To maintain America’s place as the global hub of innovation, our immigration system must be modernized to recruit and retain top talent. Business Roundtable supports policies such as expanding the H-1B visa program for temporary high-skill workers, and increasing the number of available employment-based green cards.

Staying competitive with international competitors requires finding the most-qualified candidates from across the globe.

Most Americans agree that the future of the U.S. economy depends on the ability of its businesses to compete globally. One of the key factors that allow U.S. employers to grow their businesses and create new jobs is their ability to recruit and retain talent from other countries. How well does the current U.S. employment-based immigration system support this goal? Based on original research and analysis, Business Roundtable found that the United States falls short when compared to other advanced economies.

"Outdated laws that limit our nation’s ability to recruit and retain talent hold back our economy, suppress job growth, and give an unnecessary advantage to countries that are America’s economic rivals.

Every time the U.S. turns away a highly talented foreign worker, our nation loses ground in the global race for talent…[I]f we continue to let our current employment-based immigration laws work to the benefit of our foreign competitors, more and more of this rich history of innovation will be written outside the United States."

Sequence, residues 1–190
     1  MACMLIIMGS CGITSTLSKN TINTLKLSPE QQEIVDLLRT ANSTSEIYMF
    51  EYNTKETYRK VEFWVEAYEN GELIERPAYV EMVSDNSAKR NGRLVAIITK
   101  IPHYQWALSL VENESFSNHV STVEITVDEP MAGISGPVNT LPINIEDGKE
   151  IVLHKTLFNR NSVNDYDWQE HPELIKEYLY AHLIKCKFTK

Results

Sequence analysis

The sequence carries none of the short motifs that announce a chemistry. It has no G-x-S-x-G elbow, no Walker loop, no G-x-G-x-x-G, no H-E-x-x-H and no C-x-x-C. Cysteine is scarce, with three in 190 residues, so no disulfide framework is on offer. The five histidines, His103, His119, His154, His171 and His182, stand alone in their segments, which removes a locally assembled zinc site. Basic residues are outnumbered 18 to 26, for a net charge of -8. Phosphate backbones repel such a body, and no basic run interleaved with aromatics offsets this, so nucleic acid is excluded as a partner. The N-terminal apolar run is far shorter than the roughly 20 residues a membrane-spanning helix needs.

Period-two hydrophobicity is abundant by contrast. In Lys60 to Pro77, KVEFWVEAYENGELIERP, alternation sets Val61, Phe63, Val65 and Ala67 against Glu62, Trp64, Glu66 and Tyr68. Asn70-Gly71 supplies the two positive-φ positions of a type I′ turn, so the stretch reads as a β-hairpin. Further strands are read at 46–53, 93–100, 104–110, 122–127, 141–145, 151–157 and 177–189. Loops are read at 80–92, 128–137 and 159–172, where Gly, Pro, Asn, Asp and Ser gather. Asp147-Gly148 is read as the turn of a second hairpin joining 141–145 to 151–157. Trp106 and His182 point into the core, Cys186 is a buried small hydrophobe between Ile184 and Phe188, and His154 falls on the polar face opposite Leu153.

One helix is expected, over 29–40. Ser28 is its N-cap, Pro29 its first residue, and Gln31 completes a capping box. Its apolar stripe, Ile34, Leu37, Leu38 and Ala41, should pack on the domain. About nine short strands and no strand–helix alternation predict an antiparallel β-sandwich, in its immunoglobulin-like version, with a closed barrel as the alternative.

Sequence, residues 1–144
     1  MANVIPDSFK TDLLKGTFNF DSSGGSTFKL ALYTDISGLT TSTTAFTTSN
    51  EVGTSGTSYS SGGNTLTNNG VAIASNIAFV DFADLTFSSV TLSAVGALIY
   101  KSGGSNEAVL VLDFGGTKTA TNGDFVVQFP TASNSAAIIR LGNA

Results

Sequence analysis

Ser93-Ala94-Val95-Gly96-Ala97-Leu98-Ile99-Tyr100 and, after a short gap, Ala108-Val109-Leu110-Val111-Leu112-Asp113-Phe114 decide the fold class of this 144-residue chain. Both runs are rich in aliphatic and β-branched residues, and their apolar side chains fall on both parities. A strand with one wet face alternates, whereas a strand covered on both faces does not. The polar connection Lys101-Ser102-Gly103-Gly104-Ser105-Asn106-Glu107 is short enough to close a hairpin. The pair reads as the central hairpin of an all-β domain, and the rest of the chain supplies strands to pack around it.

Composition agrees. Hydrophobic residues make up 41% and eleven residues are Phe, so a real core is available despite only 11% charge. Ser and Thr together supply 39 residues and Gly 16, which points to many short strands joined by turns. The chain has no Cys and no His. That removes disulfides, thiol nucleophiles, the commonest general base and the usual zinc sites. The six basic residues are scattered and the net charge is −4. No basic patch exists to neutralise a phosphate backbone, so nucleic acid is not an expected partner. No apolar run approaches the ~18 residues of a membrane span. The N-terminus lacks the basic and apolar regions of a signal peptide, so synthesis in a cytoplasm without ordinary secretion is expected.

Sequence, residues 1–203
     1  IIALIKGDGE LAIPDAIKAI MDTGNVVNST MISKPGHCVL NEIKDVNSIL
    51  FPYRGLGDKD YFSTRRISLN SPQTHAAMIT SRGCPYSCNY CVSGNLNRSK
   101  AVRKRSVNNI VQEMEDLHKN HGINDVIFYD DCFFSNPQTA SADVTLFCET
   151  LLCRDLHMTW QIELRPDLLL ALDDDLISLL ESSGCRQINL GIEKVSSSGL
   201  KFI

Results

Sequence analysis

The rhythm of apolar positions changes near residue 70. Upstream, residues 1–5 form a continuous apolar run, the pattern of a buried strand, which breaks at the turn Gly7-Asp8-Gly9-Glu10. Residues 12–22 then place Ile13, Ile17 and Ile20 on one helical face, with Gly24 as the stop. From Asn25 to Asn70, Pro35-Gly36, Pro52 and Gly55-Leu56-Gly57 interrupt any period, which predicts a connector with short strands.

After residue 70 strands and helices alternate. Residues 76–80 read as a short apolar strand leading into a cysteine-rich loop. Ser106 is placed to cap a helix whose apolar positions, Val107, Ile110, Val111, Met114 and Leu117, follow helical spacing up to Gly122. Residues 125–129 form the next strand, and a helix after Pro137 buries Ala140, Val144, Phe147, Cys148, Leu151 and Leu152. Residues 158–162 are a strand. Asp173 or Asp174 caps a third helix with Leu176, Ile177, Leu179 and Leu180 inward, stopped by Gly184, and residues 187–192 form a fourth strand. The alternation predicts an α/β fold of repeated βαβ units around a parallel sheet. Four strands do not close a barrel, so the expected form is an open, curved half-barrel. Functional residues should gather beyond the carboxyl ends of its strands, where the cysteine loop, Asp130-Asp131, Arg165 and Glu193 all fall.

Greg Brown, Chairman and CEO of Motorola Solutions

Read the Article in the Hill

Based on a comprehensive examination of 10 advanced economies to identify and evaluate the best immigration policies to promote economic growth, the United States ranked 9th out of 10 competitor countries, ahead of only Japan, a country historically closed to outsiders. This analysis found that America’s near-bottom ranking among major advanced economies is due to U.S. laws and regulations that impose unrealistic numerical limits and excessive bureaucratic rules on hiring workers that the country’s economy needs. 

Many economists agree that immigration leads to a positive net impact on the U.S. economy, but restrictions on the number of employment-based visas and the costs of employer sponsorships are preventing businesses from hiring the workers they need across all skill levels. Particularly for high-skilled jobs, these limitations prevent U.S. companies from recruiting the best talent to stay competitive with other countries. In 2018, more than 190,000 people applied for just 85,000 available high-skill H-1B visas.

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